Ferdi: A Free & Open-Source Alternative to Franz & Rambox

Brief: Ferdi is a promising open-source application with more free features as an alternative to Franz and Rambox. Let us explore more about it.

A single application to help you manage multiple services comes in handy when you do not want to do everything on your browser. While technically, you can, it may not be the most organized way of doing things.

Hence, options like Rambox and Franz are pretty popular cross-platform solutions to sign in to several services and access all of them at a glance.

Even though they both are available for Linux (and we’ve covered them separately), they offer limited features for free.

In contrast, Ferdi is a fork of Franz offering many premium functionalities for free while aiming to provide a better experience.

Ferdi: Dabble With Multiple Applications in One Place

ferdi screenshot

Ferdi is a free and open-source application that lets you add multiple applications, including various messaging services, in one place.

It also lets you customize various aspects of the application and its behavior. If you like applications like Rambox and Franz, you should explore more about Ferdi.

Features of Ferdi

ferdi screenshot 1

You can find tons of features available without needing to pay a premium. Here, I shall highlight some key features:

  • Cross-platform support (Linux, Windows, and macOS)
  • Wide range of messaging services included (Slack, WhatsApp, Element, etc.)
  • Supports signing in with Franz account
  • Ability to password-protect messages
  • Option to use your custom server
  • Quick to-do list access with the option to use Franz Todo, Todoist, Microsoft To Do, Any.do, and more.
  • Tweak performance by unloading applications when not in use (Hibernation)
  • Private notification to hide your messages
  • Do not disturb mode support
  • Dark mode with the option to toggle every app added separately
  • Cloud sync
  • No restrictions on the number of accounts
  • Ability to set up a proxy and connect through it
  • Add multiple workspaces

Thoughts on Using Ferdi

ferdi custom services

Just like Rambox and Franz, Ferdi won’t shy away from consuming a good chunk of your resources. So, you need to keep in mind whether you have enough memory (RAM) to have several applications active within Ferdi.

It is good to have the option to unload applications when not in use. So, in case you are low on resources, you might want to utilize the Hibernation option.

ferdi workspaces

Ferdi also offers some advanced options like GPU acceleration, universal dark mode, privacy toggles, appearance customization, and more. You can even add custom services that you do not find listed.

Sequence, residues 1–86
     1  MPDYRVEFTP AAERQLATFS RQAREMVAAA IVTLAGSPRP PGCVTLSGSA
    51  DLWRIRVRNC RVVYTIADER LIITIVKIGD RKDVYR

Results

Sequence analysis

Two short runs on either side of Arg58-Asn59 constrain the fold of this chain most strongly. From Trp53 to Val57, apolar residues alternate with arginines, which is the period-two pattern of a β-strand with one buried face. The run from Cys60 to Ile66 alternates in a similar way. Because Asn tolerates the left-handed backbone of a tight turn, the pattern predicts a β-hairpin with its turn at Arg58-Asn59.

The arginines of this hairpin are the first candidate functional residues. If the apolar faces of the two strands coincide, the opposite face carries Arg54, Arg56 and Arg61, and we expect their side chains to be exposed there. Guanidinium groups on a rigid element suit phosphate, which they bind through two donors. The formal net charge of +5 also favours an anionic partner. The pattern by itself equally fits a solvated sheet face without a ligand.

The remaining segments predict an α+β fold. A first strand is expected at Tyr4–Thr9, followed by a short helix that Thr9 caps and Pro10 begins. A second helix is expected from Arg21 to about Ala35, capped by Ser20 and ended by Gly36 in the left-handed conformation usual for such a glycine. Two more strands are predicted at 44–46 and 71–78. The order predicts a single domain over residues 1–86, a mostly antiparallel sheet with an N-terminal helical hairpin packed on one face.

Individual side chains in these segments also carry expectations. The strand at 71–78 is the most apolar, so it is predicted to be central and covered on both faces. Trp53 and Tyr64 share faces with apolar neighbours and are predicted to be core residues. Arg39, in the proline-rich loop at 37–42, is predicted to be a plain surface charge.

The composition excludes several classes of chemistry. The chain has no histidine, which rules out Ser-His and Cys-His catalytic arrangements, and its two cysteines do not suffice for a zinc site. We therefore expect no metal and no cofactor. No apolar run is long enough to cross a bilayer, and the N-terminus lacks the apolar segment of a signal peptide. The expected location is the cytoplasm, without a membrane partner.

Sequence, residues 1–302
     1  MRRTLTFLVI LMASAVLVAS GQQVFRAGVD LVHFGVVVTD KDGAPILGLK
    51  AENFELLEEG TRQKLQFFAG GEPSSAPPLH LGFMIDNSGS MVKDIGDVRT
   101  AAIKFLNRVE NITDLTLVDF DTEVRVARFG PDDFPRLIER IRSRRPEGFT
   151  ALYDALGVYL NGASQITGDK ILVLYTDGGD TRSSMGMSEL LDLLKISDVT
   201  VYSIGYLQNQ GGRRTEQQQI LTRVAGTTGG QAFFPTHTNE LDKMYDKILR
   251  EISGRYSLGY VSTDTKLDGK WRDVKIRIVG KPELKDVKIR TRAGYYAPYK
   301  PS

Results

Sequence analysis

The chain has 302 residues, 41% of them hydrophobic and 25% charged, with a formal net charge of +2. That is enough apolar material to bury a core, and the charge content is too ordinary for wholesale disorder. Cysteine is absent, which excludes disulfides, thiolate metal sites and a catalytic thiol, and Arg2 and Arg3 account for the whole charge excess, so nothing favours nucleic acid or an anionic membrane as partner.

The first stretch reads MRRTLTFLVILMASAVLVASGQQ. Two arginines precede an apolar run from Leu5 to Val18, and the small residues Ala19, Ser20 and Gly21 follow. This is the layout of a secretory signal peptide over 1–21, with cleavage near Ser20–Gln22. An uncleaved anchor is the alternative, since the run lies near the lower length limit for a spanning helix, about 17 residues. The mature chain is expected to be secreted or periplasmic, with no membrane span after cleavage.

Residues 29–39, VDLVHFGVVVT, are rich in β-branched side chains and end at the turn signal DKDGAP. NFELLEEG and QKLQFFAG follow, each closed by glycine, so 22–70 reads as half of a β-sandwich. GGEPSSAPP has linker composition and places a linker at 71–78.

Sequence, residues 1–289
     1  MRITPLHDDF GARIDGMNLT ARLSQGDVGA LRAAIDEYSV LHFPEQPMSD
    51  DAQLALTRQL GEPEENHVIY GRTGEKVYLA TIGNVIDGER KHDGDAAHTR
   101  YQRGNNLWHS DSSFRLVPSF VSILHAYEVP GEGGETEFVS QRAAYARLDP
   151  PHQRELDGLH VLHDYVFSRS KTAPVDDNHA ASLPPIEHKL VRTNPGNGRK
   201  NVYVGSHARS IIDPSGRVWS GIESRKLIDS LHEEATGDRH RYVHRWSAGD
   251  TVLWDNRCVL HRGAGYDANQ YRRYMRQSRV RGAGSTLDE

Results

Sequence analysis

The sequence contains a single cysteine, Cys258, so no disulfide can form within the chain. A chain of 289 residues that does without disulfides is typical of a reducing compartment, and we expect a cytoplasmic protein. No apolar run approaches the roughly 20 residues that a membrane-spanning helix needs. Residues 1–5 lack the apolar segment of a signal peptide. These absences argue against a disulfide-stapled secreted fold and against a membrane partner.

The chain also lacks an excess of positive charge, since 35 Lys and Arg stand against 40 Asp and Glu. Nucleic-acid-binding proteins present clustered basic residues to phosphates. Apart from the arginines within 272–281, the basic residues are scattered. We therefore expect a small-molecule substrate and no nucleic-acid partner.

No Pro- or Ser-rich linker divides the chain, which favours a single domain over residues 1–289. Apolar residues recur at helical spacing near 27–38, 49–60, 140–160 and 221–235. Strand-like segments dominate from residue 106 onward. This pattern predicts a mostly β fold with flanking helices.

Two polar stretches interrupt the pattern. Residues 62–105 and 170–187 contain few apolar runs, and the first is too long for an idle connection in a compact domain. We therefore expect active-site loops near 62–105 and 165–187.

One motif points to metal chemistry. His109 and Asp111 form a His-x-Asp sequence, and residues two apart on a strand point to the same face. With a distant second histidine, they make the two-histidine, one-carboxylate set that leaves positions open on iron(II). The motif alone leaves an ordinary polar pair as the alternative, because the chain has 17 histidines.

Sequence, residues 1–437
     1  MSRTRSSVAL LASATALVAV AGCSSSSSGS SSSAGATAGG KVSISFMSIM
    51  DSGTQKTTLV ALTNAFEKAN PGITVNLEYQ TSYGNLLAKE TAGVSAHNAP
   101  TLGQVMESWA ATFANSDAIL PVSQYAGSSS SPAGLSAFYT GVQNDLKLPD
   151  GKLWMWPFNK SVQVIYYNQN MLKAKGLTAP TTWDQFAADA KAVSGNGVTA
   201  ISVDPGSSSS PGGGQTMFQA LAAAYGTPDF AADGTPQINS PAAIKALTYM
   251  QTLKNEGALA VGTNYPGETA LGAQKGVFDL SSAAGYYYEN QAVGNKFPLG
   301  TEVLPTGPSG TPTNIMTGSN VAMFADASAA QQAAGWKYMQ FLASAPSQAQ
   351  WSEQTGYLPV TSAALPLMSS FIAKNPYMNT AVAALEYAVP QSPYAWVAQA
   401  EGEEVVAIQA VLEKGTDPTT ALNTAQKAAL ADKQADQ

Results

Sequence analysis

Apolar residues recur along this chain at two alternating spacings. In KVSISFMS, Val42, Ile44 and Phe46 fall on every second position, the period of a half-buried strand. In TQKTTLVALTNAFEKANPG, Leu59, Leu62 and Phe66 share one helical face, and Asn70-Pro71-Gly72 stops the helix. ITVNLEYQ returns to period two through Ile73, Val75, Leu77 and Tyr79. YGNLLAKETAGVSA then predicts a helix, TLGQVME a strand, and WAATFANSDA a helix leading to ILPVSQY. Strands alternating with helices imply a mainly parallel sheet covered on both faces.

ferdi advanced options

Overall, you get many features and choices when it comes to Ferdi. You should be able to organize multiple applications efficiently with the available set of options.

Installing Ferdi in Linux

Ferdi offers multiple packages for easy installation on Linux. You can find a DEB/RPM package for Ubuntu/Fedora, an AppImage file for all other Linux distributions.

They also provide a snap package along with the ability to install it via AUR. So, you have plenty of options to get it installed on your Linux computer.

You can explore their GitHub page and head to its releases section to download them or visit the official site.

Have you tried Ferdi yet? Does it serve the purpose of replacing Franz or Rambox? Is it better? Share your experience in the comments down below.

Similar Posts

  • Everything was fine but I didn’t found adblocking feature anywhere . Also I didn’t found script or extension support . Is there any way to block ads ?

  • I’m interested in trying this out. Consumption of resources though is a part of what happens in a web browser, considering the comment ahead of mine. Offloading services that are always used from a web browser seems rather practical since web browsers see so much of the wild web. If Ferdi is robust and doesn’t get broken, then this is a great idea and I see why there are commercial versions of this application.

    • it has a mode that will automatically set to ‘hibernate’ and free up mem on selected app; that’s an option, not forced, in a per-app basis; you can even create sets of apps and hibernate the whole set when not in use. I was very dissapointed of Franz and RAMBox, but that feature in Ferdi just got me. and it’s FOSS.